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Sands Point Hotel

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by Sophia Lian

 

A popular Victorian-style resort was built by B.B. Nostrand in 1850 on the tip of Sands Point, east of Sands Point Light. The Sands Point Hotel, known thereafter as Dunnsaugh & Doolittle Hotel in 1873 and Peck’s Hotel in 1891, brought visitors from New York City and working-class day-trippers from Long Island. Many of them came for the hotel’s amenities, including boating, concerts, and dancing on the lantern-lit piazza, enjoying what the waterfront hotel had to offer.

 

 

 


As described by Ernie Simon, the Sands Point Hotel was a “fashionable resort of the Victorian era.” The beautiful three-story building sat on top of a hill that looked over a beachfront with a pavilion and bathhouse on the lower grounds. The hotel could hold guests in up to 80 to 100 rooms, with a daily room rate of around $1 to $2. Some sailed their yachts over to visit, and 25 cents brought local people by stagecoach to enjoy the day. Large numbers of vacationers came from Manhattan, who traveled on the steamboats making daily trips connecting commuters from the North Shore of Long Island to the city. The steamship began running in 1837 for Cow Neck residents, and within a few years, many towns on the North Shore had steamship docks. Sands Point had steamboat landings on Hempstead Harbor near present-day Harbor Road in Harbor Acres and by Sands Point Light.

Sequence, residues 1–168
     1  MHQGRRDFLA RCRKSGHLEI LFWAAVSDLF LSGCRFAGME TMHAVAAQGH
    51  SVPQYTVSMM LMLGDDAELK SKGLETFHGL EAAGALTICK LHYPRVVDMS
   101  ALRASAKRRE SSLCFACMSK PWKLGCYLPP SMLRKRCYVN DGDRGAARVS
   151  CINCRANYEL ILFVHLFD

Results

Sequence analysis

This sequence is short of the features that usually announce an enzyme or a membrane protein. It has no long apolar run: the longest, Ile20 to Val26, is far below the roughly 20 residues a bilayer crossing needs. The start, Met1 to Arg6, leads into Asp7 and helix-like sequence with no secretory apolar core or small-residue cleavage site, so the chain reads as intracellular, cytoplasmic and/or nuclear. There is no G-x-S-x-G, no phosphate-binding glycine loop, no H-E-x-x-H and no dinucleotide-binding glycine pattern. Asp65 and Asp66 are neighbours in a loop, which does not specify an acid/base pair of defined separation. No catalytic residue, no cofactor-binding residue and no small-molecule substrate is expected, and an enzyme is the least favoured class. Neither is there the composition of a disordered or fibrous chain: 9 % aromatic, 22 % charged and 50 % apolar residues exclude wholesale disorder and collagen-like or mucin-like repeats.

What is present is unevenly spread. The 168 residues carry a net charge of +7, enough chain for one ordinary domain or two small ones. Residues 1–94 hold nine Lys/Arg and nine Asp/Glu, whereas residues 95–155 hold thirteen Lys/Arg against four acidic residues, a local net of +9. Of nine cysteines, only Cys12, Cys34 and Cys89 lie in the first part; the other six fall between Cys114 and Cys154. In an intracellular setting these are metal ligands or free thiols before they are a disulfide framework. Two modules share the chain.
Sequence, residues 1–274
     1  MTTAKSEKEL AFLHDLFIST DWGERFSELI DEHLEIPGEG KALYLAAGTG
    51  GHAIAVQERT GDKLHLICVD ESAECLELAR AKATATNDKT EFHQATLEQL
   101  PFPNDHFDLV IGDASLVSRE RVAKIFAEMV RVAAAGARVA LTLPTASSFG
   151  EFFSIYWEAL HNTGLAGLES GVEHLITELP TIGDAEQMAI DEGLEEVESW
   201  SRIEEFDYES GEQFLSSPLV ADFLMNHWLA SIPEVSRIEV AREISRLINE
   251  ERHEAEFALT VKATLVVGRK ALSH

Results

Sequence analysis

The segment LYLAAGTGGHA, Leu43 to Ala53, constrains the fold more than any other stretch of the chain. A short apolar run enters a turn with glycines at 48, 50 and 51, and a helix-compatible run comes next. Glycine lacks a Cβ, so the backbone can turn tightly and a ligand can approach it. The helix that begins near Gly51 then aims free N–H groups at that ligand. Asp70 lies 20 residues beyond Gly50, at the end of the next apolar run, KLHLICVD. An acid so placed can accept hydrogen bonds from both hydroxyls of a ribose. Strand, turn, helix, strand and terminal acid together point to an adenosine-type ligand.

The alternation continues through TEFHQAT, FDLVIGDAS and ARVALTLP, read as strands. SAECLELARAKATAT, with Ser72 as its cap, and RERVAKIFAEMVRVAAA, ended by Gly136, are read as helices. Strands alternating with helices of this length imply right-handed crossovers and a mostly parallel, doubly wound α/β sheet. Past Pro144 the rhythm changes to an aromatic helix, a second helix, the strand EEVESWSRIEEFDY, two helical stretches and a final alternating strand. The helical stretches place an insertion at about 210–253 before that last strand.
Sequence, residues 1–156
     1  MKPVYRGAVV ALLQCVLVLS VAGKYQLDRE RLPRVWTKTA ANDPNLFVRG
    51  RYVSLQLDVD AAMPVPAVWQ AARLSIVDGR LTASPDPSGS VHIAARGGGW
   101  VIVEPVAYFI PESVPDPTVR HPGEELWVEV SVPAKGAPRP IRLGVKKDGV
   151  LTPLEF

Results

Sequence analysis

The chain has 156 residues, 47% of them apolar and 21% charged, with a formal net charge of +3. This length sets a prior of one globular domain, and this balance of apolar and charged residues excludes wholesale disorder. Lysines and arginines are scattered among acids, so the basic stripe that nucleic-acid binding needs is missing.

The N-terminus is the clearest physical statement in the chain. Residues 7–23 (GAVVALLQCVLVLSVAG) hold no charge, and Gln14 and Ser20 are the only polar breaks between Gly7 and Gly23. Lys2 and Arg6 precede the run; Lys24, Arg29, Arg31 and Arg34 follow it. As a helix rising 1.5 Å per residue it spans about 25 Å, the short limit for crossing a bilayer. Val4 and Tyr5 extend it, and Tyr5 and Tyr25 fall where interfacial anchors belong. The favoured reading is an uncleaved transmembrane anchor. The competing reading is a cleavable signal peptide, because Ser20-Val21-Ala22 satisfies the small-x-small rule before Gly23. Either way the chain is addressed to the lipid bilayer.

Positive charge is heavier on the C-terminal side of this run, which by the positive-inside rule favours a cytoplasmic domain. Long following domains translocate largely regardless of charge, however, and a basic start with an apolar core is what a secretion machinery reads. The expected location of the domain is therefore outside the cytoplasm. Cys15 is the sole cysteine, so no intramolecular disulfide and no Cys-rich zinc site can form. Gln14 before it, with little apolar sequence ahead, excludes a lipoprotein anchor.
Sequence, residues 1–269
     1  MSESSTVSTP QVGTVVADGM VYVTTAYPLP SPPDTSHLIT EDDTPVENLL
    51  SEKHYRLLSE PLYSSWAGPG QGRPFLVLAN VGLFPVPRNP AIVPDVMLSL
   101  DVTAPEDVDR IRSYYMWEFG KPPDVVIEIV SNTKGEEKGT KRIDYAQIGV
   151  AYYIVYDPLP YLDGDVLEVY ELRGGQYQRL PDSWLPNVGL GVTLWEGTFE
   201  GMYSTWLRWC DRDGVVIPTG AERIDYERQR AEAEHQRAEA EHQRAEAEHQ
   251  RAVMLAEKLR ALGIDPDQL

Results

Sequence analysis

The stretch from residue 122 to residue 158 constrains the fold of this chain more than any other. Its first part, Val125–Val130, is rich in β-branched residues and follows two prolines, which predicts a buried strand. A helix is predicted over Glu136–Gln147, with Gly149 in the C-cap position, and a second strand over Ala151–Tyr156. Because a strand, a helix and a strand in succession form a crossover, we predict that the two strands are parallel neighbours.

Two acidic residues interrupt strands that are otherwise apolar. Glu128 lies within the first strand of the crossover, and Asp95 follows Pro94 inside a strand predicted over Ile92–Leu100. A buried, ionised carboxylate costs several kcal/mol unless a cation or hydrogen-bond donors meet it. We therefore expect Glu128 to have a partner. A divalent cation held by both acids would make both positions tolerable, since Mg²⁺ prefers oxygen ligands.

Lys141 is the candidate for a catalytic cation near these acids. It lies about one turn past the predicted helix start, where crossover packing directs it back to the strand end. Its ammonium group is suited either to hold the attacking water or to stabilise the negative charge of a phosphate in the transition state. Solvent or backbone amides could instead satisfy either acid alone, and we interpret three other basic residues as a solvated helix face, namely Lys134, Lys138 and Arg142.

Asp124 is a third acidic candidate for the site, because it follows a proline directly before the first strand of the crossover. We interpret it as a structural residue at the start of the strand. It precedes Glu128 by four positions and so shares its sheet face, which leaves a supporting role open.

What is now Sands Point was a rural community with a few large farms and a sparse number of country houses. Cow Neck relied heavily on trade with Manhattan and New England, which the building of steamboat landings transformed. The Seawanhaka was one of the steamships, making daily trips between Peck Slip, near the Brooklyn Bridge, and Roslyn, stopping at North Shore towns along the way, including Sands Point. However, steamship accidents began to become more common as overcrowded steamships filled the waters of New York with insufficient safety regulations and improper ship design.

The 1880 steamship fire that killed over forty people, including those who drowned while fleeing and people who died from injuries, revealed shortcomings in the use of steamships. The incident began as the Seawanhaka made its daily trip between Hell Gate and Little Hell Gate when its boiler caught fire in the afternoon. Captain Charles P. Smith was left with few options, with no docks nearby and little room to move due to heavy boat traffic. Smith continued bravely navigating the ship onto marshland as flames spread.

 

Nevertheless, steamships remained a convenient way of traveling that brought customers to businesses in more remote areas, like the Sands Point Hotel.

Sadly, a fire spread throughout Sands Point Hotel hotel one night, which eventually destroyed the entire structure in the fall of 1892. However, its story lives on when we look at images of the Old Sands Points Hotel, which continue to remind us of the beauty of the historic hotel that once stood.

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Sources include:

  • CNPHS Archives

  • Discovering Sands Point - Its History, Its People, Its Places, by Joan Gay Kent, Village of Sands Point, 2000, pp 58-59.

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